We congratulate Hsu et al. for their important contribution to the existing knowledge on the treatment options for failed shoulder arthroplasty with suspected infection. The goal of their study was to answer the highly relevant question of whether single-stage revision shoulder arthroplasty performed because of pain, stiffness, or component loosening in patients without any obvious clinical signs of infection is a feasible treatment option even if Propionibacterium is detected in cultures taken from intraoperative periprosthetic specimens.
Staphylococci used to be the predominant cause for periprosthetic shoulder infections in the early decades of shoulder arthroplasty, as shown in a prospective collection of >2,000 cases of total shoulder arthroplasties over 33 years from the Mayo Clinic1. However, Propionibacterium has caught up1 or has even taken over the lead in recent years2. Instead of an actual shift of the bacterial spectrum, the improvement of microbiological techniques enabling the identification of low-grade infections may have contributed to this change. This hypothesis is supported by the fact that the infections with staphylococci remained steady over time, but the clinically suspected infections with negative cultures decreased1.
Propionibacterium infections after shoulder arthroplasty represent a major diagnostic challenge due to the lack of traditional clinical signs of infection and the limited reliability of routine laboratory examinations, as well as anaerobic growth requirements and slow replication of this pathogen requiring up to 14 days of cultivation3. Despite recent improvement of microbiological techniques, the still-limited sensitivity and specificity of diagnostic tests lead to uncertainty during treatment decisions. For example, the prevalence of unexpected positive cultures in revision shoulder arthroplasty is approximately 15%, with P. acnes being the predominant cause. Although a persistent infection can be demonstrated in only 10% of these cases, 25% of the unexpected positive cultures do not develop any clinical relevance, and the relevance of the remainder of the unexpected positive cultures remains unclear4. No matter how these numbers are interpreted, they clearly show the uncertainty with which surgeons have to deal when cultures of intraoperatively taken tissue samples during revision arthroplasty return positive. Furthermore, in a recent study, Mook et al. showed that, in 18% of primary open shoulder surgical procedures without any sign of infection, at least 1 positive pericapsular tissue culture after prolonged culture incubation can be found, mostly associated with P. acnes5. Therefore, it is still unclear whether Propionibacterium-positive cultures always demonstrate an infection or whether the bacterium can be a commensal of deeper tissue layers. An interesting fact is that, in the same study by Mook et al., a control group using sterile sponges was established and yielded mostly Propionibacterium-positive cultures in 13% of the cases5. Therefore, the possibility of culture contamination and false-positive results should always be kept in mind.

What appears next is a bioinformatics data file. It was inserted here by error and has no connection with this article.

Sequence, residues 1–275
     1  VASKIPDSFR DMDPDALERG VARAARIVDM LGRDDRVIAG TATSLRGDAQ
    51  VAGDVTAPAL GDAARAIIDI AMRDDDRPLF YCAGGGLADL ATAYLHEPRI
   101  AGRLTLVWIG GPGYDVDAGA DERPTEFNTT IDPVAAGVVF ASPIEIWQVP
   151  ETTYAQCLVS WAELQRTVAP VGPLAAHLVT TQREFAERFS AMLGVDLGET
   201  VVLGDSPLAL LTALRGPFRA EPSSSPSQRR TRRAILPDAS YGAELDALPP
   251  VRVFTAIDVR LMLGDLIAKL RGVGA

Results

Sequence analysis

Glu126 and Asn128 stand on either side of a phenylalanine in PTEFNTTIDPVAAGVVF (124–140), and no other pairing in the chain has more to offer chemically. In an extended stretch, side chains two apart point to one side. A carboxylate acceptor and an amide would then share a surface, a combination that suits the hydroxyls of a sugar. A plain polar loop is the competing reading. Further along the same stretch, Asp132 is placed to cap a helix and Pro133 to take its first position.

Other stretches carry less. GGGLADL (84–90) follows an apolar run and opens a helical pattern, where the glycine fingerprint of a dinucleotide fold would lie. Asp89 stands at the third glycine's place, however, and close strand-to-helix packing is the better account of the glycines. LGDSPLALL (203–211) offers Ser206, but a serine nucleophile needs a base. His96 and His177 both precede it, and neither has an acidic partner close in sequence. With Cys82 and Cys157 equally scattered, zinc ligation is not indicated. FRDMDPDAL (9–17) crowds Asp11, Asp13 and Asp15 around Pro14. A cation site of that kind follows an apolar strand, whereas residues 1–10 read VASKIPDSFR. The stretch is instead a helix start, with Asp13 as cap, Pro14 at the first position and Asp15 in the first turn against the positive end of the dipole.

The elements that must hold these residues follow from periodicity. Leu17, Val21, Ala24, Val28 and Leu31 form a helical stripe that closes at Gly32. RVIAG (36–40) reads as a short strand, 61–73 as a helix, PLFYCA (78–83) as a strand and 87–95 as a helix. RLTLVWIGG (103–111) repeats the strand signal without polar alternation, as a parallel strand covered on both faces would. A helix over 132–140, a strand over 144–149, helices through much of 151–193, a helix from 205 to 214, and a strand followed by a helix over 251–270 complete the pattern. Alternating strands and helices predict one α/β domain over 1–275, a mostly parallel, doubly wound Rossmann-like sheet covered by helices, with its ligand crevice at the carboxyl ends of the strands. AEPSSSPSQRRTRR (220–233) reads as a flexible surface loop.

Because of the lack of obvious clinical signs of infection, the chance for false-positive culture results, and the possibility of non-pathogenic Propionibacterium growth in deep-tissue layers, the identification of true low-grade infections remains a challenge and often can only be approached by educated guessing without ever getting to know the actual truth. Therefore, the distinction of the group with low-grade infection (≥2 positive cultures) from the non-infected group (0 or 1 positive culture) in the study by Hsu et al. can also be argued with and probably allocates patients to one group or the other when they would be better kept in the large gray area in between. Nonetheless, single-stage revision seems indeed to be a valid choice when performing revision shoulder arthroplasty in these patients without any obvious clinical signs of infection. When doing so, it is important to actively search for low-grade infections, relying not only on microbiological examinations but also on clinical signs (arthrofibrosis, loosening of the implant, ossifications), cell count in joint aspirate (>2,000 leukocytes/μL or >70% granulocytes), and histopathological examination of periprosthetic tissue. If the infection is diagnosed or suspected, the patients should be treated with antibiotics as a septic revision. As Propionibacterium shows broad antimicrobial susceptibility, eradication of infection is highly successful with single-stage exchange of the prosthesis and a postsurgical treatment with biofilm-active antimicrobials including rifampin. Future research may provide new ways to prevent colonization of the revision prosthesis (e.g., by patient vaccination against Propionibacterium or anti-biofilm implant coating), to improve Propionibacterium detection (e.g., by molecular tests or pathogen-specific markers), and to treat biofilms (e.g., by local antibiotic-delivery systems or bacteriophage therapy).
↵* Disclosure: There was no source of external funding for this work. On the Disclosure of Potential Conflicts of Interest forms, which are provided with the online version of the article, one or more of the authors checked “yes” to indicate that the author had a relevant financial relationship in the biomedical arena outside the submitted work.
- Copyright © 2016 by The Journal of Bone and Joint Surgery, Incorporated